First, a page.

• Don't Ask: When the Angels regroup at the office, Dylan arrives on a scooter wearing clothes that are obiously too small for her. Natalie and Alex look confused, Dylan responds with "Don't ask".
  • Double Entendre:
    • Natalie produces many of these (although she seems to use them unintentionally).
    • This exchange between Alex and Corwin (who thinks she's a masseuse):
      Corwin: You're very good... with your hands. I could use someone like you on my staff.
      Alex: Thanks for the offer, but my hands aren't going anywhere near your staff.
  • The Dragon: Vivian Wood is Eric Knox loyal right-hand woman. Indeed this was originally going to be literal, since she was written to be Asian, making her a Dragon Lady.
  • Eating the Eye Candy: Alex Munday causes this effect on men when she's walking in a room full of computer nerds while wearing a sexy leather power suit (that squeaks every time she walks).
  • Edible Ammunition: Alex's blueberry muffins are weapon-grade. They smash holes into wooden doors when thrown.
    Bosley: What do you call this?
    Dylan: Chinese fighting muffin!
    Bosley: That's not funny. A friend of mine took a fighting muffin in the chest; they sent him home in four Ziploc bags.
  • Endangered Soufflé: Alex tries to maintain a souffle while bad guys riddle her trailer with bullets. She fails.
  • Enhance Button: They enhance the image of a normal CCTV tape taken in a normal parking garage at night, and spot their target through the reflection in the door of a nearby car.
  • Establishing Character Music: The Angels are shown in flashback to a different song - Natalie to "Wake Me Up Before You Go-Go" by Wham!, Alex to The Flying Lizards cover of "Money (That's What I Want)" and Dylan to "I Love Rock and Roll" by Joan Jett.
  • Faux Fluency: The angels speak in a "secret language" that is actually badly mangled Finnish. They had to subtitle the dialogue even in the Finnish edit of the film.
  • Female Fighter, Male Handler: Charlie Townsend has his own special ops group consisting of three women (who he calls "angels") and one man, Bosley, that he intended as their handler.
  • Fetish: The Thin Man has a rather enthusiastic (and creepy) one for hair.
  • Flung Clothing: This trope is rather deliberate. Two of the girls change from beaded cocktail dresses to black leather kick-ass clothes as they chase Creepy Thin Man.
  • Game Show Appearance: Natalie is a five-day Jeopardy! champion.
  • Girls with Moustaches: Natalie and Dylan use this as a disguise when they break into a corporate headquarters. Justified - the technicians to the server room they impersonated while breaking in were men and it helped hide the fact they were going full Bifauxnen.
  • Good Smoking, Evil Smoking: The Thin Man and the Big Bad are show smoking several times, while the only time a good guy is smoking is Dylan in a flashback of her rebellious years.
  • GPS Evidence: Natalie is able to tell where the bad guys are by a bird's chirp in the background of a recording.
  • Grappling-Hook Pistol: Alex uses a grappling hook bow repeatedly throughout the movie, most notably at the end when she hooks it into the fuselage of an airborne helicopter with enough force that it can hold all three of the girls.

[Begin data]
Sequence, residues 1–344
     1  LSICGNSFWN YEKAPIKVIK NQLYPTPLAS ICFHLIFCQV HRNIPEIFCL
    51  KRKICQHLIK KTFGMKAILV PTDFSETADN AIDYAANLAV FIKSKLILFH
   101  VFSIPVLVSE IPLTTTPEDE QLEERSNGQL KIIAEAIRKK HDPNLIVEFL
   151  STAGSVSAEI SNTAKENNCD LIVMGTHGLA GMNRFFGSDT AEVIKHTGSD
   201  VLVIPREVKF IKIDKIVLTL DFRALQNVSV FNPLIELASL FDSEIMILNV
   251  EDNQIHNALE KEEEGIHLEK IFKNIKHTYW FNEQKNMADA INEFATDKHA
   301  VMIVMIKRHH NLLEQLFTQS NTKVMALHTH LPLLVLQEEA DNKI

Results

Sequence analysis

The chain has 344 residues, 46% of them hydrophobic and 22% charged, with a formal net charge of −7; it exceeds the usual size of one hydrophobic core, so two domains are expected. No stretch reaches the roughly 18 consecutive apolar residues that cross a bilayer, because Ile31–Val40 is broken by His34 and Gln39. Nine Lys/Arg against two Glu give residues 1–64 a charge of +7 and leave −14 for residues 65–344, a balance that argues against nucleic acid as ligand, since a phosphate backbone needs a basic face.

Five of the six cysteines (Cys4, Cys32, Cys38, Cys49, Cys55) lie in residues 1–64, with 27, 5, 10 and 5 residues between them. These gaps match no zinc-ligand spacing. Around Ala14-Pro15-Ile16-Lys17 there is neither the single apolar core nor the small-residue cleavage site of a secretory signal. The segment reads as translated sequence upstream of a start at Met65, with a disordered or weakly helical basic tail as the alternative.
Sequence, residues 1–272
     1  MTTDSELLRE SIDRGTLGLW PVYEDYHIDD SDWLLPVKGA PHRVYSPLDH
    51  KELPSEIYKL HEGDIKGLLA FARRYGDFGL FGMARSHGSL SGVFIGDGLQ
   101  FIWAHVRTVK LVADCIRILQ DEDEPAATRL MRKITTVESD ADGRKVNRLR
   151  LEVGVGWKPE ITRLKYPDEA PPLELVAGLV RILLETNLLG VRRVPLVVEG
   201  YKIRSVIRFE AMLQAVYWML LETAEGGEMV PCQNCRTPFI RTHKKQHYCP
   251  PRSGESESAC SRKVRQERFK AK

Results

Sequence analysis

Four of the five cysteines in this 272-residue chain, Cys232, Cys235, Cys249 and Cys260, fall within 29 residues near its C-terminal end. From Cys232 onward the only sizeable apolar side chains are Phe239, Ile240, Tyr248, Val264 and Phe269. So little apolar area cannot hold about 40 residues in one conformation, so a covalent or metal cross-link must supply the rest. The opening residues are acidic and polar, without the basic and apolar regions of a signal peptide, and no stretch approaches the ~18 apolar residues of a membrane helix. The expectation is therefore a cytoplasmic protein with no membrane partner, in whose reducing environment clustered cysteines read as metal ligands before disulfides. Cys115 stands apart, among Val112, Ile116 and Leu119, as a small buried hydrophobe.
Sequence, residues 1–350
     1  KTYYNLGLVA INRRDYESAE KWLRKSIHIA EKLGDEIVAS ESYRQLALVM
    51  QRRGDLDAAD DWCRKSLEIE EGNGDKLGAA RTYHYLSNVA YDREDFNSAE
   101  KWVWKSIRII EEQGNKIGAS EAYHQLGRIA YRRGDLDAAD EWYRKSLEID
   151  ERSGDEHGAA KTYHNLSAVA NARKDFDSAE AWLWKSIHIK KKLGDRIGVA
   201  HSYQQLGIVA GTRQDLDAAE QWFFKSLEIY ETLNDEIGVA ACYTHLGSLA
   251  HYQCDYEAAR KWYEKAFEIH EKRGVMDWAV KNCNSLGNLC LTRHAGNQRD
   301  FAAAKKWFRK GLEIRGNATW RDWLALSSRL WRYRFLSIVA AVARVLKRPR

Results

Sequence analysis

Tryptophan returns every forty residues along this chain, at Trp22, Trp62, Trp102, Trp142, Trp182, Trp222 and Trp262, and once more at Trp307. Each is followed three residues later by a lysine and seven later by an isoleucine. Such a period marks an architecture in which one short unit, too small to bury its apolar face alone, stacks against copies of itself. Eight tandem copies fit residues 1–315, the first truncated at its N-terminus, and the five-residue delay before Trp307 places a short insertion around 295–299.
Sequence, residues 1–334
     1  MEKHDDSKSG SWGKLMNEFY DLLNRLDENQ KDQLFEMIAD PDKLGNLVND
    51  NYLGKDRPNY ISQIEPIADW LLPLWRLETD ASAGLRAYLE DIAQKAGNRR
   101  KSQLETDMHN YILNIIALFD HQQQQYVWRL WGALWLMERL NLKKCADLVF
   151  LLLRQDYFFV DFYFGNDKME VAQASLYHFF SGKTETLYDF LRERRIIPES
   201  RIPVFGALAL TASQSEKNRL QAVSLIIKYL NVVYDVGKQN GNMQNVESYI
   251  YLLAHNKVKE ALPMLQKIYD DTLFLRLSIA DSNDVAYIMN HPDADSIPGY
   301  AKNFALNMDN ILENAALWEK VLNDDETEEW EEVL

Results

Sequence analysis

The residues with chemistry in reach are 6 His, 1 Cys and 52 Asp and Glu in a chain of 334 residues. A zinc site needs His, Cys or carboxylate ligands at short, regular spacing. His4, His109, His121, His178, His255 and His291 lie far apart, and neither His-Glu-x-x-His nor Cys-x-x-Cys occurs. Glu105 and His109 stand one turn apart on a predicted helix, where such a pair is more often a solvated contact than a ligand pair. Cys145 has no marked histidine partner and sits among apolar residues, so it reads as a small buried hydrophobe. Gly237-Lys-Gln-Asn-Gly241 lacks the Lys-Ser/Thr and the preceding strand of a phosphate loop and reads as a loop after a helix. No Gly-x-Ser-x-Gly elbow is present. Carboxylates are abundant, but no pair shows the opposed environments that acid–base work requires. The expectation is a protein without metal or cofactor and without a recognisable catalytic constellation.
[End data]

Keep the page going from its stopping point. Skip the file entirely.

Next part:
Alex: Let's see if I can win the teddyyyy beaarrrrrrr!!!!
  • Hair Flip: Used very often and very intentionally, to the point of parody.
    • Natalie does this in order to attract the attention of her Love Interest. It's even underscored by a gong going off in the background and a dramatic zoom on his reaction.
      Alex: Flip your God. Damn. Hair.
    • Alex does this in every single close-up.
  • Hand-or-Object Underwear: After Dylan ends up falling naked in someone's backyard pool, she grabs a donut-shaped floater to cover herself before seeking help.
  • Hate Sink: Vivian Wood is Eric Knox's girlfriend and helps assist him in his plans to kill Charles "Charlie" Townsend to avenge his father. Though loyal to him, she comes off as way more smug and unlikable, displaying a taunting demeanor as she goes along. Angel Dylan Sanders ends up captured because of Vivian and she destroys Angel Natalie Cook's phone during a fight too for no real good reason.
  • Have a Gay Old Time: Nowadays, after a Memetic Mutation, "The Chad" stands for a guy who is nothing like Dylan's eponymous Love Interest.
  • Heroic Seductress: All the Angels invoke Distracted by the Sexy to gather evidence.
  • Hilarious Outtakes: The credits to the film.
  • Hollywood Skydiving: The opening action scene of the film.
  • Idiot Ball: The helicopter pilot doesn't notice that roughly 350 pounds of weight is swinging beneath his helicopter as the angels climb the rope up to it. In Real Life, there's no way he could have not noticed.
  • I Have Brothers: The reason Natalie is so tough is because she has five older brothers who are in law enforcement/special forces/the FBI/etc.
  • I'll Take Two Beers Too: Dylan orders three burgers, three fries, three shakes, and three apple pies. She jokingly turns to the others and asks them what'll they have.
  • Kinda Busy Here: Natalie casually talks with her boyfriend Pete while rescuing Bosley in the bad guy's hideout. She assures him that he didn't call at a bad time, when he comments she seems distracted.